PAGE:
Franchise business Model - Are you ready to franchise?

in Growing by Nigel Bowen
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franchise business model, ready to franchise

Australia is per capita the most franchised nation in the world. Relative to our population size, we actually have three times more franchising outlets than the USA, the birthplace of McDonald's, Budget Rent A Car and H&R Block¹.

So, isn't it time you made like Ray Kroc with your own brilliant business idea? After all, you're never going to get seriously wealthy with just one outlet, and if you don't seize the day, then who knows how long it will be until some opportunist rips off your idea?

Is your business expandable?

Despite the fact that even powerhouse global brands such as Starbucks periodically get into financial difficulties, it's commonly believed that franchising is a licence to print money for all involved. This isn't necessarily the case. For your business to multiply itself, it has to be 'franchisable'. That means it needs to possess the following characteristics:


No one is going to risk their life savings opening up a copy of your business if the original isn't performing impressively. Before you even consider franchising, your business should be kicking goals and, ideally, generating some industry buzz.

Unique selling point:

While it's true that there are many chains offering much the same product, especially when it comes to food, it's still the case that you need something that differentiates you from the competition. Are you confident you know exactly what your competitive advantage is?


If customers are queuing up at your coffee stand chiefly because of the sexy barista, chances are they won't be queuing up at any other coffee stands you lend your name to unless they also feature a similarly attractive barista. Before launching into the world of franchising, give careful thought to the feasibility of replicating what made the original business a success.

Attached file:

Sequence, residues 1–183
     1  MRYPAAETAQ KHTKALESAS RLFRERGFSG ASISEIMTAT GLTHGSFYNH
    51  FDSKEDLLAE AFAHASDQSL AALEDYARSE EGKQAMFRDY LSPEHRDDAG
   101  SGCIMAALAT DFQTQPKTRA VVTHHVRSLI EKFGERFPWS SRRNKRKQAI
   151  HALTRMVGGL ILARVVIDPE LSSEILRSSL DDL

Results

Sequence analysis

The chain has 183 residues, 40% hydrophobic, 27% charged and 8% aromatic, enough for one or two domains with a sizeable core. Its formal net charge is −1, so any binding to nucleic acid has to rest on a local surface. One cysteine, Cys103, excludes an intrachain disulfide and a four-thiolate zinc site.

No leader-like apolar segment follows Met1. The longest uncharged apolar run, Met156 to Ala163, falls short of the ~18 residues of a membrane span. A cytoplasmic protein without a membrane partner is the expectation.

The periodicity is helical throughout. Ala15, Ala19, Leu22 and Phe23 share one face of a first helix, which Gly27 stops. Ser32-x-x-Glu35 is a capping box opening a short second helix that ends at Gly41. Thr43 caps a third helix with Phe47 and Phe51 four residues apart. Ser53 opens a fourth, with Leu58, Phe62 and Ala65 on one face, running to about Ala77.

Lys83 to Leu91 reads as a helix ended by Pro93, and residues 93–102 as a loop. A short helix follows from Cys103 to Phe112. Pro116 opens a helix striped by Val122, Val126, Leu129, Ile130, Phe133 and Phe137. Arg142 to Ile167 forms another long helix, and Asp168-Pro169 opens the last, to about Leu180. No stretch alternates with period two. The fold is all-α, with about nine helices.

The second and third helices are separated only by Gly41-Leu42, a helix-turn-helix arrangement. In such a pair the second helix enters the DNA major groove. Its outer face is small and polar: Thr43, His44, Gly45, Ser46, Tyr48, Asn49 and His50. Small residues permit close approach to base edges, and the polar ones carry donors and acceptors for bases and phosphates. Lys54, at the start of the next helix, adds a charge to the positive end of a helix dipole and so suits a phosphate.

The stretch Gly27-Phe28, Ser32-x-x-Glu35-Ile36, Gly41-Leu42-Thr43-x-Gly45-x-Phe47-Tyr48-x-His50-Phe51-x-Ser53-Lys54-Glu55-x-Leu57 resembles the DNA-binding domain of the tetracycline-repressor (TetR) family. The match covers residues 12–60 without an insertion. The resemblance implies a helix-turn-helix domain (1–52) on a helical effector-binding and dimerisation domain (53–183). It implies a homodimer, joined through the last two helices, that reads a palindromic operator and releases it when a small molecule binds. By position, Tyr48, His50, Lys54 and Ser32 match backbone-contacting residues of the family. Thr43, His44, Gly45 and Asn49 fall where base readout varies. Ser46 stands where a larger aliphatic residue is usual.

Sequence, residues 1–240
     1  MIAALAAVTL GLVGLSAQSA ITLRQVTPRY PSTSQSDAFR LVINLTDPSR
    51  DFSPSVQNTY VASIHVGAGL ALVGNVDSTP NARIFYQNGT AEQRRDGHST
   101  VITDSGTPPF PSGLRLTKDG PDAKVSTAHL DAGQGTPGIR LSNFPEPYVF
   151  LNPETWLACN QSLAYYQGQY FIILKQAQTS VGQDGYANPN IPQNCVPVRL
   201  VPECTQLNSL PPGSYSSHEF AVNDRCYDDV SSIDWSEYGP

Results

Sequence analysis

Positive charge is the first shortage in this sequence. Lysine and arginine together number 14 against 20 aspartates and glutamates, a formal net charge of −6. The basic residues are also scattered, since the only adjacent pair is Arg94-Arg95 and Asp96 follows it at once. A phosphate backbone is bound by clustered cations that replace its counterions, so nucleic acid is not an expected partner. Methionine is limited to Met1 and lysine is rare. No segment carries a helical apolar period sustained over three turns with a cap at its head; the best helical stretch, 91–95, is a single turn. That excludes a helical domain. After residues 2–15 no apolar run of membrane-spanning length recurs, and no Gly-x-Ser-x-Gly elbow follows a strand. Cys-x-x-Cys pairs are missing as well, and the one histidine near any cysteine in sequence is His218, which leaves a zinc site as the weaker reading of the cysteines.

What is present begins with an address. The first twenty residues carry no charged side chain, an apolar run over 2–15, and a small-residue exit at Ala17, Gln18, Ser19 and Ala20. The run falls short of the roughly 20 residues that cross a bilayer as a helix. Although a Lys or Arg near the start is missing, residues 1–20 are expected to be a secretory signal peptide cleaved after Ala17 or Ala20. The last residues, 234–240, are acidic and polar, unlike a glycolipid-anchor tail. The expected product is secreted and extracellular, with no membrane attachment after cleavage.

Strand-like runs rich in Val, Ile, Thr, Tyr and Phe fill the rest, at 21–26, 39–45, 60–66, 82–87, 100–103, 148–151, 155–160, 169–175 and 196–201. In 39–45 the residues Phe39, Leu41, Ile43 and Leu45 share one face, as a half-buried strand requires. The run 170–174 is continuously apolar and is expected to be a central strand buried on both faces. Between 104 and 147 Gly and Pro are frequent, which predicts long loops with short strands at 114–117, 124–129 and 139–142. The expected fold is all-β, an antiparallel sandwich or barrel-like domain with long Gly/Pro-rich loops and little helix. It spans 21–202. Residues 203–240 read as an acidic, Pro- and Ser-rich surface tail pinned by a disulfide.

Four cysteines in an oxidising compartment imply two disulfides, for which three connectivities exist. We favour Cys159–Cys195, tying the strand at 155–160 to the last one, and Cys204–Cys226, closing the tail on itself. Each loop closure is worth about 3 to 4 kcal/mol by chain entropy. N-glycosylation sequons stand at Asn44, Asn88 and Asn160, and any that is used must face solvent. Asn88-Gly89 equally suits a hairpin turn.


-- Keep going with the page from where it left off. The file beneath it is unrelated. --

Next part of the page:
Operations manuals are treated with the reverence usually reserved for religious texts in chains such as KFC and Curves for good reason - they seek to guarantee customers will receive a consistent experience at whatever franchise outlet they deal with and hence have clarity about what a particular brand stands for. To go back to the above example, is it feasible to train people to make coffee as well as your good-looking barista? Is it possible to train them to have the people skills that come naturally to him? Can you document down to the second how long he froths the milk to go in cappuccinos? To be able to successfully franchise your business, you need to have operating procedures documented and systems in place and be able to teach someone how to operate the franchise business in, ideally, three months or less.


This is the deal-breaker. Even if your business model meets all the other criteria, if it isn't making money, you'll soon have dramas with any existing franchisees and difficulty attracting quality new ones. As a general rule, presuming you're taking the standard 4 to 8 per cent cut of the franchisee's sales, they still need to be seeing a 15 to 20 per cent return on their investment, before they'll be convinced they're being appropriately rewarded for the risk they've taken and the hard work they're putting in.

Have you ticked all the above? If you're thinking of going down this path, it may be a worthwhile investment to engage a consultant who can advise on the feasibility of and processes involved in franchising your business. Do it right and there's no limit to your success.



Find this helpful? You may also like:

To franchise or not to franchise?

Avoiding employee growing pains

Managing multiple locations in small business

This article represents the views of the author only and not those of American Express.

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Nigel Bowen

Nigel is a freelance journalist and web content provider. Over the past 15 years he has worked for many of Australia's major print media companies and written for a wide range of newspapers, magazines, trade publications and websites. Nigel most enjoys writing about entrepreneurship, popular culture, politics, social trends and small business.

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Poll Results

How many hours do you work on your business each week?

20-30: 18%
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40-50: 23%
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